Friday, April 15, 2011

One sheep, two sheep, red sheep, blue sheep

Always trying to go a step beyond, Quigley brings you sheep in colors other than the orange ones you may have seen in the weird news:

ORANGE: After losing 200 sheep to thieves, John Heard, owner of Hughslade Farm near Okehampton, Devon, England, dyed his 250 blackface ewes orange this month to deter any further rustling. "Sheep rustling has become a big problem with ewes worth around £140 each. My flock roams Dartmoor and I was getting mighty fed up with losing so many. My son James suggested the orange dye and although it produces some strange-looking sheep it has done the trick and I haven't lost one this year....Other farmers as well as a fair few ramblers have been shocked, but others have said they are now willing to try the idea if it works. At the moment it is doing exactly what I hoped it would and stopping the rustlers in their tracks."

RED: Scottish farmer Andrew Jack dyed his flock of 54 sheep red in 2011.* Because the animals could be seen from the M8 near Livingstone, West Lothian, the colors were meant to be "a bit of fun to brighten things up” and cause people to smile on their way to and from work.

BLUE: Scottish farmer Andrew Jack spray-painted his sheep bright blue with animal-friendly paint to celebrate St. Andrew's Day in 2007 and 2008. "It's a very patriotic gesture. But it also reminds people how important sheep are to our agriculture," said Bob Carruth of the National Farmers' Union of Scotland.

PINK: American performer Madonna and her husband Guy Ritchie outraged animal activists in 2007 when they dyed the sheep on their Wiltshire, England, farm pink, blue, yellow, and green for a photo shoot for Vogue Living in which the pop star was profiled. The RSPCA asked, "Why is it necessary and what are they trying to prove? It is an irresponsible publicity stunt. It sends out the wrong message about how to use animals."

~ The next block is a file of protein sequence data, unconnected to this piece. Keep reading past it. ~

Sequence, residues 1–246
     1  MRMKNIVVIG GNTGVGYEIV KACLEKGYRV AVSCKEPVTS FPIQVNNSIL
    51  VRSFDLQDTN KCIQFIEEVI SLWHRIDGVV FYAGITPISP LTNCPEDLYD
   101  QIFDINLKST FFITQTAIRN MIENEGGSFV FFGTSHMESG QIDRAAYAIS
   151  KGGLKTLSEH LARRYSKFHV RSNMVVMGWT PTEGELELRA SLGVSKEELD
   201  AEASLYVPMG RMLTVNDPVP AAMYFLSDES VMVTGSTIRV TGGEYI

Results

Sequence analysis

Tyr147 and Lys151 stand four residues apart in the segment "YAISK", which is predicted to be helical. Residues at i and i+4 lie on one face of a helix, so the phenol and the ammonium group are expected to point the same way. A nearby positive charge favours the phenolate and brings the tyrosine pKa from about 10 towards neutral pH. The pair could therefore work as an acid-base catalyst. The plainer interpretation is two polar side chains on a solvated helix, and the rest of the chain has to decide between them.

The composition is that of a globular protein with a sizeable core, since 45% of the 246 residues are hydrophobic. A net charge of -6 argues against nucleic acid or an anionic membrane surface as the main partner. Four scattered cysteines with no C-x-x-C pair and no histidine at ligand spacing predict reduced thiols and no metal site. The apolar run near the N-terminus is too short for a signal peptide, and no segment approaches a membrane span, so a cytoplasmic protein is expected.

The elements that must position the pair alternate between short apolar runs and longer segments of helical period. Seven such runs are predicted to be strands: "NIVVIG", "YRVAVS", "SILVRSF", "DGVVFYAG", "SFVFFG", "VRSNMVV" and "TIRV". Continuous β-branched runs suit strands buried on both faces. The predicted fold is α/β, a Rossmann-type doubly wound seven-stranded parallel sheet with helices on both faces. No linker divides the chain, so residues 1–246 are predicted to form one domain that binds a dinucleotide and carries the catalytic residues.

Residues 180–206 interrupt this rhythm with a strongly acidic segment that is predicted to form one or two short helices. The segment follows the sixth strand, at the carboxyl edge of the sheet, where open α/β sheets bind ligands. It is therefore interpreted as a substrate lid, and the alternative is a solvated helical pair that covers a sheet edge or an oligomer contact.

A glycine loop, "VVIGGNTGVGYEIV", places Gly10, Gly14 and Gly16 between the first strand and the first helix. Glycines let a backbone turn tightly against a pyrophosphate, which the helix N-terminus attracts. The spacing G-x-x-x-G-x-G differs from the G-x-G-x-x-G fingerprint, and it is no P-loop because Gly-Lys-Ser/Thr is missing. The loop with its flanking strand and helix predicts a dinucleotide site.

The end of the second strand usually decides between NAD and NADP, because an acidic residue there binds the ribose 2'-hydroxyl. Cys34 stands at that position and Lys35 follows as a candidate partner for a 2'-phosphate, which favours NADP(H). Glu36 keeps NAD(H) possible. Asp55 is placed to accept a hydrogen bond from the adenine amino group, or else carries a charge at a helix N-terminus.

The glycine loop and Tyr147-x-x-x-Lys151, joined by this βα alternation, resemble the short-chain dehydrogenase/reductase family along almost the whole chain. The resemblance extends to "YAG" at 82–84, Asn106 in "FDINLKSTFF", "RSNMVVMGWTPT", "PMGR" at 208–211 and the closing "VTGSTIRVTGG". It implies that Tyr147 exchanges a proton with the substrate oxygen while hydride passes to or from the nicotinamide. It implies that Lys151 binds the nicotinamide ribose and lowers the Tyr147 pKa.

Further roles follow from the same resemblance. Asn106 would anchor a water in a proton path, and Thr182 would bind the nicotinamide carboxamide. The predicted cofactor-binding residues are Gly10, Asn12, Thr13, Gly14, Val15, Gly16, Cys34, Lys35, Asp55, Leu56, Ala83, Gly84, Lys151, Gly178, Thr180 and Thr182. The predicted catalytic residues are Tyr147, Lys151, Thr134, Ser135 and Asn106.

YELLOW: British department store Selfridges dyed 15 sheep a “Selfridges yellow” using nontoxic vegetable dyes. The idea was to promote their brand and raise awareness for the shearing industry during London’s Wool Week 2010.

The editor of Sheep! magazine Nathan Griffith states that it is not harmful to dye sheep with the right products, and that many sheep farmers count and identify their herds by marking their fleeces.

*Note that either Andrew Jack dyes or paints his sheep regularly (see BLUE below) or the Orange regularly trots out the story when they need copy or a picture for the Quirky Photo Gallery.

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